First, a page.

UGANDANS SAY CORRUPTION HAS GONE UP OVER THE LAST YEAR – AFRO BAROMETER SURVEY

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Ugandans say corruption has gone up over the last year - Afro barometer survey

Ugandan citizens are increasingly unhappy about the way their democracy is working. Majority of Ugandans (63%) share a perception that corruption has increased a lot in the previous 12 months and believe it is getting worse. This is according to the recent Afrobarometer special democracy summit survey on Africa.

The survey, which was conducted in 34 African countries in 2019–2021, ranks Uganda as 17th in countries whose citizens feel corruption has increased over the past 12 months. Gabon tops the list, with 82% of its citizens feeling that corruption has increased. The others are Mali, Lesotho, Eswatini, Liberia, Mauritius, Lesotho, Kenya, and Guinea, among others.

Tanzania is at the bottom of the pile, with only 8% of its citizens feeling that corruption has increased over the past 12 months. Rwanda is not among the 34 African countries that were surveyed.

In October 2021, the Inspector General of Government (IGG), Hon. Betty Olive Kamya, submitted to Parliament the Integrity Survey Report, which shows that Uganda loses over UGX 20 trillion ($5.63 billion) through corruption annually. This represents 44% of the country’s annual budget for the financial year 2021/2021.

It further means among others that 44% of the lives were lost because someone stole money intent for procurement of medicines, 44% of the children denied of their right to quality education, 44% of citizens who are condemned to povertybecause funds intended for wealth creation were stolen, and 44% opportunities for economic progress missed.

Public procurement is the most common form of corruption in Uganda, accounting for most of the public funds lost through corruption, especially at national level. This statement is corroborated by the revelations from the monitoring mission of the state minister for Economic Monitoring, Hon. Peter Ogwang, who has unearthed corruption in the form of shoddy infrastructure projects.

To date, none of the contractors that delivered the substandard public works exposed by Hon. Ogwang, has been blacklisted by the Public Procurement and Disposal of public Assets Authority (PPDA). The District Engineers and Chief Administrative Officers that superintended over the looting in public procurement are yet to be sanctioned. The ordinary Ugandan watches in awe and anger as the elected leaders remain bystanders.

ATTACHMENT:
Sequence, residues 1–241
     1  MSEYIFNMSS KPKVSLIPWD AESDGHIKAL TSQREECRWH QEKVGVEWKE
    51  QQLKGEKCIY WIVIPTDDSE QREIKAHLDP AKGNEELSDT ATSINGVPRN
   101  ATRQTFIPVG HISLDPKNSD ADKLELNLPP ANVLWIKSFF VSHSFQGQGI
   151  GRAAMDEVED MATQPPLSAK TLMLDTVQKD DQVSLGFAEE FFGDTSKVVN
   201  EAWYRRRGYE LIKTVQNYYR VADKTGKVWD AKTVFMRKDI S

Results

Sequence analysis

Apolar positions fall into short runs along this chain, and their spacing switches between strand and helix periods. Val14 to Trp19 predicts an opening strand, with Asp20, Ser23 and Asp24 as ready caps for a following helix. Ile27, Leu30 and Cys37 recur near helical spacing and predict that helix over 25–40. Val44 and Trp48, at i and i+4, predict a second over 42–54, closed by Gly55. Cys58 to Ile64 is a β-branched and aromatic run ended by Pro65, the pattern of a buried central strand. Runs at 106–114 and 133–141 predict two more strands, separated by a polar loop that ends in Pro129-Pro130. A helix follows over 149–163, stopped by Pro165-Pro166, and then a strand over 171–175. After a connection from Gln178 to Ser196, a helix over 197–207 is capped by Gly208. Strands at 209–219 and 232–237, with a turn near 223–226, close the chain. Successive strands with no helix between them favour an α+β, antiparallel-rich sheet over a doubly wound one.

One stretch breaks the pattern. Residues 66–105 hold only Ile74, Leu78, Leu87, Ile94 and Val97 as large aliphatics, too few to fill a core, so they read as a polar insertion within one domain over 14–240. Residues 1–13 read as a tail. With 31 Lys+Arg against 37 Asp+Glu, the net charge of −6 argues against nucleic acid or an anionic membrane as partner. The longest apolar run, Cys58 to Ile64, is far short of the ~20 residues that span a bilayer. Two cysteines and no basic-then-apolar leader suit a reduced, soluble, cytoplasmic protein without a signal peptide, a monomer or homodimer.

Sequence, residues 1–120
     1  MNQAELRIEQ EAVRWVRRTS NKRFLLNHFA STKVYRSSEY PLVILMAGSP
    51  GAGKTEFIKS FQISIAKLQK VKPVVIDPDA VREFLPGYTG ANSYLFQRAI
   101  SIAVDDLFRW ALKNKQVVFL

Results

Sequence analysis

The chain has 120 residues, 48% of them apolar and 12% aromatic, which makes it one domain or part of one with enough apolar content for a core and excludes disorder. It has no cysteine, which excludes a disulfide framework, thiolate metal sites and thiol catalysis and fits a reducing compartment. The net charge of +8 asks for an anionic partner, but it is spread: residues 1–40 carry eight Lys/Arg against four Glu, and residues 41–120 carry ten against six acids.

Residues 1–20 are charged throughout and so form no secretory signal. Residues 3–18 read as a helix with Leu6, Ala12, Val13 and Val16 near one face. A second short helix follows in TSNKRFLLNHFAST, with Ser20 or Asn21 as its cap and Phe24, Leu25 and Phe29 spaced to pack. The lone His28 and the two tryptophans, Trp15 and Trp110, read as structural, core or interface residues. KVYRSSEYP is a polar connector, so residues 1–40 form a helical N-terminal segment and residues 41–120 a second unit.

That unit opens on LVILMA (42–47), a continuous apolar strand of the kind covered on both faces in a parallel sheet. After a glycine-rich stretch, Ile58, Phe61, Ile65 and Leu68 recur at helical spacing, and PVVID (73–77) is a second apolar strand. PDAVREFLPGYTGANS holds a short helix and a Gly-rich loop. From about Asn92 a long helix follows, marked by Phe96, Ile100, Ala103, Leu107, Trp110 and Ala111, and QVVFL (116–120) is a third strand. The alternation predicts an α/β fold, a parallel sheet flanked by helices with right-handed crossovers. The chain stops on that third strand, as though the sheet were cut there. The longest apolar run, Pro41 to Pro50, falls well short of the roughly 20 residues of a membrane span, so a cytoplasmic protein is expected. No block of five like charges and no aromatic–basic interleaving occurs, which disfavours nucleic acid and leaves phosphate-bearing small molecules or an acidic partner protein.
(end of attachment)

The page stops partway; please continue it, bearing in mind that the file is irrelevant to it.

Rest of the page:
The Afrobarometer report (2021) suggests that as people see levels of corruption rising in their key governing institutions, and the impunity enjoyed by the corrupt public officers and political leaders, they grow increasingly dissatisfied with their democracy.

When corruption pervades public institutions to the core, it distorts service delivery and the citizens fail to see the use of elected leaders. A democracy that does not translate into improvement in peoples livelihoods defeats the very essence of elections.

It is not a coincidence that the countries where perceived corruption has increased over the last 12 months, are also the very countries that are being confronted by governance challenges.

The Afrobarometer study further found that while many factors drive citizens’ disenchantment with the way democracy works, the increasing perceptions of escalating corruption play a major role. Until corruption is addressed, the ordinary African citizen will be unlikely to consider electoral democracy as a viable system of governance.

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